Heppner took the stage dressed in an elegant vested suit, looking more like the CEO of a bank or an airline than like a musician. If you didn't know him, you would not guess he sang at all, much less opera. Maybe the fight song from his college football team, for which (you might have guessed) he probaably played left guard.
A bottle of drinking water perched on a bar stool to one side of the piano; he would turn to it frequently, often urgently. More on that below. He began by talking. Ben Heppner, when not impersonating Wagnerian heroes like Siegfried or Tristan, is quite informal, genial, and down to earth. He lacks any persona of the diva; he does not carry the mantle of the self-important "artiste"; he does not posture; he does not pontificate; there is no trace of arrogance or pompousness in his stage presence. In fact, I'm betting bank and airline CEO's are way more pompous than this fifty-ish heldentenor.
After introducing himself, he sang a familiar Schubert song, "An die Musik", which, it's fairly certain, 100% of the students on hand had sung in lessons at some point and were probably mouthing internally as he sang. The first group was all Schubert, with the opener followed by another standard, "Wohin" from Die schöne Müllerin. He interrupted the group, by way of explanation for the decidedly unadventurous programming, that he had never sung a senior recital in college as most other singers have done; for him, this recital was a chance to "catch up" and sing all the standard literature he'd missed as a young man.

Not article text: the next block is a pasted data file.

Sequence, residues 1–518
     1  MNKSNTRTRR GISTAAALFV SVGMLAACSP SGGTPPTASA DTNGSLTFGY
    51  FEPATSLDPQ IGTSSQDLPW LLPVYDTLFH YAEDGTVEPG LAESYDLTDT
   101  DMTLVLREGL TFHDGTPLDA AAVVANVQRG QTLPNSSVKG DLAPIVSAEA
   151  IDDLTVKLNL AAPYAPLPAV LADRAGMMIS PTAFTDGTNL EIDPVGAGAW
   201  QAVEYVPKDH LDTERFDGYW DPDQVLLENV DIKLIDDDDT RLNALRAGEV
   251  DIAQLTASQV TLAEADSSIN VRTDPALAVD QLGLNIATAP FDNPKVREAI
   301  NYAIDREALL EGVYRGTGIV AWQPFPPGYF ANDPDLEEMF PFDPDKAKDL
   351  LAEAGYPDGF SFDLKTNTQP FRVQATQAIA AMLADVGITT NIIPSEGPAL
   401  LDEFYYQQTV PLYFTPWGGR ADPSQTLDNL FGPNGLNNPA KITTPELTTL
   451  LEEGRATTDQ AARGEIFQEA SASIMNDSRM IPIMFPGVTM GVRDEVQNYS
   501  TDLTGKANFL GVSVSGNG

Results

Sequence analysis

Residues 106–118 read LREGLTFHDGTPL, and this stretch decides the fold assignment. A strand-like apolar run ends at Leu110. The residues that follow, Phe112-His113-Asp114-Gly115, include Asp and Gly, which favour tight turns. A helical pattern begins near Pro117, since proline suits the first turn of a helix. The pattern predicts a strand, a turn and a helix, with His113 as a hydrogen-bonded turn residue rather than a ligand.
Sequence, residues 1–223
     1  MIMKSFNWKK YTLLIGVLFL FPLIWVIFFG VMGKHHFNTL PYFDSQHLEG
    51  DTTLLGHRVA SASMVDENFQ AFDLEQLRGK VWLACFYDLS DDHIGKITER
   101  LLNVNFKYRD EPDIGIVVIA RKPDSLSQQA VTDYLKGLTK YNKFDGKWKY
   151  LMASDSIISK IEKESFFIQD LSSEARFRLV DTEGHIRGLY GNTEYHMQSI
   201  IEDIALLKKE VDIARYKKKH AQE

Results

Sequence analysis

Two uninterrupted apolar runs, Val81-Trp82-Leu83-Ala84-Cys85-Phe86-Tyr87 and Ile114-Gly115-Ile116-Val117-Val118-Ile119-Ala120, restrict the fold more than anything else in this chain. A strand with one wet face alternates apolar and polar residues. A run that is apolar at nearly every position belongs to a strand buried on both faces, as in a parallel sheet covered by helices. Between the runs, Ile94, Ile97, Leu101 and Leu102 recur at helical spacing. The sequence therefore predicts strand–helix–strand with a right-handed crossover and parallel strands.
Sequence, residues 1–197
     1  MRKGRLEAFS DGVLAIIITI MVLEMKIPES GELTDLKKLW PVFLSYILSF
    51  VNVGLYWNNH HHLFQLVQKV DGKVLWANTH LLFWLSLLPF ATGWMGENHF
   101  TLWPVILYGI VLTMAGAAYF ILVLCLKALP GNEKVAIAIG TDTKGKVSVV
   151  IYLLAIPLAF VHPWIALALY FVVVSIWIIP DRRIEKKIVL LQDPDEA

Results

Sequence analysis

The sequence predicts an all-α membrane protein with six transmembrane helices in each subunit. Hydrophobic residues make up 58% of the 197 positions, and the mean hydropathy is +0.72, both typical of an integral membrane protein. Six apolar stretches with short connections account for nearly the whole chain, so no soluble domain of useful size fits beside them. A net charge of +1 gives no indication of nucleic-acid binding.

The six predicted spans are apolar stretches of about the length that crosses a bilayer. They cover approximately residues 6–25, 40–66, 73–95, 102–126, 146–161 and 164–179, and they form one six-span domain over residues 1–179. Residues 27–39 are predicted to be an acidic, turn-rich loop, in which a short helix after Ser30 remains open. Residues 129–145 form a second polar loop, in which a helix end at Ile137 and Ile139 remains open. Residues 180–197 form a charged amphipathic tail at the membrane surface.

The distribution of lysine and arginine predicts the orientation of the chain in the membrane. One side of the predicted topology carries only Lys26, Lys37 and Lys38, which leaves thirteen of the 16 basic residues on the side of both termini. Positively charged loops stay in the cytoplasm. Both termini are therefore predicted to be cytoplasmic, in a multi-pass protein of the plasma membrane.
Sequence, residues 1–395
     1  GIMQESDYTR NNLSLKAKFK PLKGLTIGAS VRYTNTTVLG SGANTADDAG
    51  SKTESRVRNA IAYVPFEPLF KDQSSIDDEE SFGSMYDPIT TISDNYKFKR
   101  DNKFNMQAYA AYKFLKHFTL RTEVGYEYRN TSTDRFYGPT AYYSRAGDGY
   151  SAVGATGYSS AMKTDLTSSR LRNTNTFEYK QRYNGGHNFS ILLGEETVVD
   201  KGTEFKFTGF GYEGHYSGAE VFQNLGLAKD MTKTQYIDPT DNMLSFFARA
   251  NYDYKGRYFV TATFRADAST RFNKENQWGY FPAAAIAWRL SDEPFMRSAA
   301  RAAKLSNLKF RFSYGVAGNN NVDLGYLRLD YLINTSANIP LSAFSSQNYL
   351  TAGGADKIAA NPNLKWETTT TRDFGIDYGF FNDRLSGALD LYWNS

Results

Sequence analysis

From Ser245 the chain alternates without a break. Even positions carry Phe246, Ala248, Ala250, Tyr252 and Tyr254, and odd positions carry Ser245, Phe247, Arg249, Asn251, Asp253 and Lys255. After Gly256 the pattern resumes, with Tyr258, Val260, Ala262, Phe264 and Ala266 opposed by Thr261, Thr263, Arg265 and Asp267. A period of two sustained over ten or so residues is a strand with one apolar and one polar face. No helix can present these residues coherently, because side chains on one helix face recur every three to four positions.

The trips to the stool to nurse that water bottle began early on. The pleasure afforded by the evening's music-making was tempered by the tenor's continual struggle to tame his enormous instrument to do his bidding. But it wasn't easy; there was little of the illusion of effortlessness that artists manage at their best. If recent years hadn't been rife with stories of chronic vocal troubles, I might have assumed the local climate had brought about some post-nasal drip clogging up the vocal folds. Whatever the reason, there were many selections in which the approach of a vocal climax made me rigid with empathetic tension in my seat. Some such moments were surmounted successfully; others were not.